Money & Me: 'I was a self-made multimillionaire and lost it all'

Entrepreneur Dariush Soudi says he lives a comfortable life now thanks to the power of compounding interest on his investments

Dariush Soudi says losing everything was a wake-up call. Antonie Robertson / The National
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Entrepreneur Dariush Soudi’s father died when he was just four and, at 13, he moved to northern England from his native Iran.

Becoming a martial arts black belt to fend off school bullies, he left without qualifications and got into sales work, went on to become a self-made multimillionaire, lost it all, then made it back.

Three decades in sectors including computers, mobile phones and beauty salons now inform Mr Soudi’s Gladiator Mastery empowerment programme, inspiring other business owners to become “modern gladiators” by conquering personal and professional battles to succeed.

Alongside this, the father-of-four runs family office advisory Arena Consultancy, marketing agency Be Unique Group and is a motivational speaker.

Mr Soudi moved to Dubai in 2009 at a low point in life with just $700 following a robbery attempt at his home and a heart attack. Now 56, he lives at Emirates Golf Club.

Did money influence your upbringing?

My grandfather was wealthy, mayor of two cities in Iran, and my father an entrepreneur. He died at 29, so I don’t remember anything of him but people said he was very positive, optimistic and I tried to live by this image.

We had a good standard of living but the moment my grandfather died, my dad’s side took the money. We ended up with nothing.

My mum took care of us as best as she could. We suffered from being poor [but] she let us go to the “rich parks” and socialise, never made me feel poor.

She taught [us] never to be jealous, but I thought: “What are they doing to have that?”

How did that impact you?

I just get inspired and am constantly on this learning process. I read books, listened to tapes, watched videos of people who failed and made it, not necessarily handed the silver spoon.

Mum was always wary of the future because she had a tough life. Her focus was to earn enough to cover rent, school fees, put food on the table.

I knew that was not the life I wanted, so I focus on abundance. I look at the bigger picture [more] than just covering costs, and what you focus on you get. Hard work came naturally to me.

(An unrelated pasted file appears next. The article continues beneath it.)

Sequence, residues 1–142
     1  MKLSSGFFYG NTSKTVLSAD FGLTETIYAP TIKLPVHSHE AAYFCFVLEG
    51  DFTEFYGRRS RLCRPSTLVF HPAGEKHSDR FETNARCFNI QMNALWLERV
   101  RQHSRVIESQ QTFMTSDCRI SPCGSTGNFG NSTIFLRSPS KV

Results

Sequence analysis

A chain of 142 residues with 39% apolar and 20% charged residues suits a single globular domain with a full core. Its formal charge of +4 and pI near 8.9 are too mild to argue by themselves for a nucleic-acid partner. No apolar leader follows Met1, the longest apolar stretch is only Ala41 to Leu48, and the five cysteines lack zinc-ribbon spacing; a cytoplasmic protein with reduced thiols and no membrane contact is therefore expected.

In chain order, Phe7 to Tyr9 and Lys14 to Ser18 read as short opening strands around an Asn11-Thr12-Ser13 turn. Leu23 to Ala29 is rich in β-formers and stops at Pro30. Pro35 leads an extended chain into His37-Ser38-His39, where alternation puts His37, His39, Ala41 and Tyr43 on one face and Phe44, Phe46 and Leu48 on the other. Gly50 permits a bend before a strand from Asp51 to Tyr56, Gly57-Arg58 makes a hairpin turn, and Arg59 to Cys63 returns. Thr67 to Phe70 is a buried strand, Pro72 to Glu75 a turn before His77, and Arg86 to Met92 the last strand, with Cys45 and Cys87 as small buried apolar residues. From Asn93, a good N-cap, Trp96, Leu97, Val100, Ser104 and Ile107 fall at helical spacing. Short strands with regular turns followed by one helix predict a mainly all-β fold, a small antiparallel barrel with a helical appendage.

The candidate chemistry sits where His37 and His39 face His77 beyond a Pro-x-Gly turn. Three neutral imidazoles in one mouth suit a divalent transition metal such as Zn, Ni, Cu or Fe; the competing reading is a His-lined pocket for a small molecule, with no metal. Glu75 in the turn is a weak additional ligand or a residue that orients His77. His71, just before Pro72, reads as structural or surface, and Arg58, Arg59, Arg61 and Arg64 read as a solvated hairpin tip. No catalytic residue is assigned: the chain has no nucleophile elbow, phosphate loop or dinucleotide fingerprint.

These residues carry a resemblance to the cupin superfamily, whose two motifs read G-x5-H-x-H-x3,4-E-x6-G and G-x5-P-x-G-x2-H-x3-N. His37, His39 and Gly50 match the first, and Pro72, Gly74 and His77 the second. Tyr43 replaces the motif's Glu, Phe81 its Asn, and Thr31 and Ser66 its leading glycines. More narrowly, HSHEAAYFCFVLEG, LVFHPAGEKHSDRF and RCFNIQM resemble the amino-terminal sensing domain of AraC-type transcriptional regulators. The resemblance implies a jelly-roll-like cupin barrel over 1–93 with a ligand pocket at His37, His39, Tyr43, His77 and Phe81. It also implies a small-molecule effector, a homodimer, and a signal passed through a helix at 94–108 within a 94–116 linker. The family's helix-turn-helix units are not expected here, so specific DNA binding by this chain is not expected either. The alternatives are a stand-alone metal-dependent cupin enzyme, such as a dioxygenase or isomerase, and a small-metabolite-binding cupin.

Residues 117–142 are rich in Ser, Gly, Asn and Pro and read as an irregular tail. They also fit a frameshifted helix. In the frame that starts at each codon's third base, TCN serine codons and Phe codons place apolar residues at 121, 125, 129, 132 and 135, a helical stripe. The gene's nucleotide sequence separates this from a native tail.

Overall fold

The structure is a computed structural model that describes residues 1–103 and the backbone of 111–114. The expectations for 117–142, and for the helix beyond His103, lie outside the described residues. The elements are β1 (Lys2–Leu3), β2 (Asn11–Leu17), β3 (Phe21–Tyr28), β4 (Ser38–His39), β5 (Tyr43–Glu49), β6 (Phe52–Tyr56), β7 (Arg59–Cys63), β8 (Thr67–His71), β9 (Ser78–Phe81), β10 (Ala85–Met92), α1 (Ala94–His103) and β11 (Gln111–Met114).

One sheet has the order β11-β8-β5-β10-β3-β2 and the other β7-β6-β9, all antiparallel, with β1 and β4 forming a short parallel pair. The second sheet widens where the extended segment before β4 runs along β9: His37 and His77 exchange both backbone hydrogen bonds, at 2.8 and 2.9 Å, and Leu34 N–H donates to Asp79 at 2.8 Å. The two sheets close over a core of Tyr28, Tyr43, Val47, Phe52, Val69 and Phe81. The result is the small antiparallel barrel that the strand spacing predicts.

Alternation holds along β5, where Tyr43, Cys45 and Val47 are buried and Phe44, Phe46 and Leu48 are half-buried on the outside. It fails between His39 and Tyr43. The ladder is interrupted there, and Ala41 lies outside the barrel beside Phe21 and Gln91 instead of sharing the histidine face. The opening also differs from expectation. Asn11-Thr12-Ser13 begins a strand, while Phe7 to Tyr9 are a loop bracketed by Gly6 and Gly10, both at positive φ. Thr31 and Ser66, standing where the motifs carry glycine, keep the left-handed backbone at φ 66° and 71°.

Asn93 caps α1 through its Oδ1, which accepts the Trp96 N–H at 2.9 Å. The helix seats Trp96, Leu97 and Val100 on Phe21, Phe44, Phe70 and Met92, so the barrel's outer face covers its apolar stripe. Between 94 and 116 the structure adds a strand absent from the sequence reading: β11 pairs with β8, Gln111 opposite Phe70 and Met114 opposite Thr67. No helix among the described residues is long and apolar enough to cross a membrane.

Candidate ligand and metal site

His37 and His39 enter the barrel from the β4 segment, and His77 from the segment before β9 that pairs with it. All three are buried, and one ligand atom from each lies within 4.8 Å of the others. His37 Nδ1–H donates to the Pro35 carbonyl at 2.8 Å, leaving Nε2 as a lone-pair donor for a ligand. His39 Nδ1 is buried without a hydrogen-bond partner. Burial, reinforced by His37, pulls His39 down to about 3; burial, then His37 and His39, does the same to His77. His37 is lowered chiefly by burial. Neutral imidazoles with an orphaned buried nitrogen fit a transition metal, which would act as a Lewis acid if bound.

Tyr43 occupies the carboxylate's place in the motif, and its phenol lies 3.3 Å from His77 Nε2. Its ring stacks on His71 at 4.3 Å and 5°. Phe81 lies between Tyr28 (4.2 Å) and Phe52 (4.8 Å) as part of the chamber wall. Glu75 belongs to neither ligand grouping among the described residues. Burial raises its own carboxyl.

How did you first earn?

I did paper rounds, was a waiter, cycled for an hour to get to this place that paid £1 [Dh4.5] an hour. I was a hotel bellboy, worked at a nightclub collecting glasses and became a doorman.

I’m dyslexic, so education wasn’t for me and the only place I could earn more was sales. Because I worked harder, I did really well. I sold vacuum cleaners, fax machines, copiers, mobiles … if I turned up early, I tended to catch the business owners so I didn’t get fobbed off by receptionists.

Why the entrepreneurial route?

I didn’t particularly like working for anyone. They may have been successful … I felt I could offer something better.

Once you can sell, you can open businesses, as long as you’re adding value, something different.

When did Dubai happen?

I arrived in September 2009, lived in a maid’s room for six months, was kicked out of hotel lobbies because I just used free internet. That’s how it all started … just to escape [the UK] and come to safety.

It was the worst time because the recession had hit, but it was a perfect time because I was a consultant. When people have headaches you fix, people pay.

Now, I say to pupils: “Don’t ever forget your past, but don’t live in it.”

I do believe in taking certain amounts of risk, but the quality of your life depends on the amount of risk you can comfortably take
Dariush Soudi, entrepreneur

The majority of people do not come to Dubai to find love, they come to prosper. If you can show you’re a person of integrity, put the hours in and have longevity, you will do very well.

What prompted Gladiator Academy?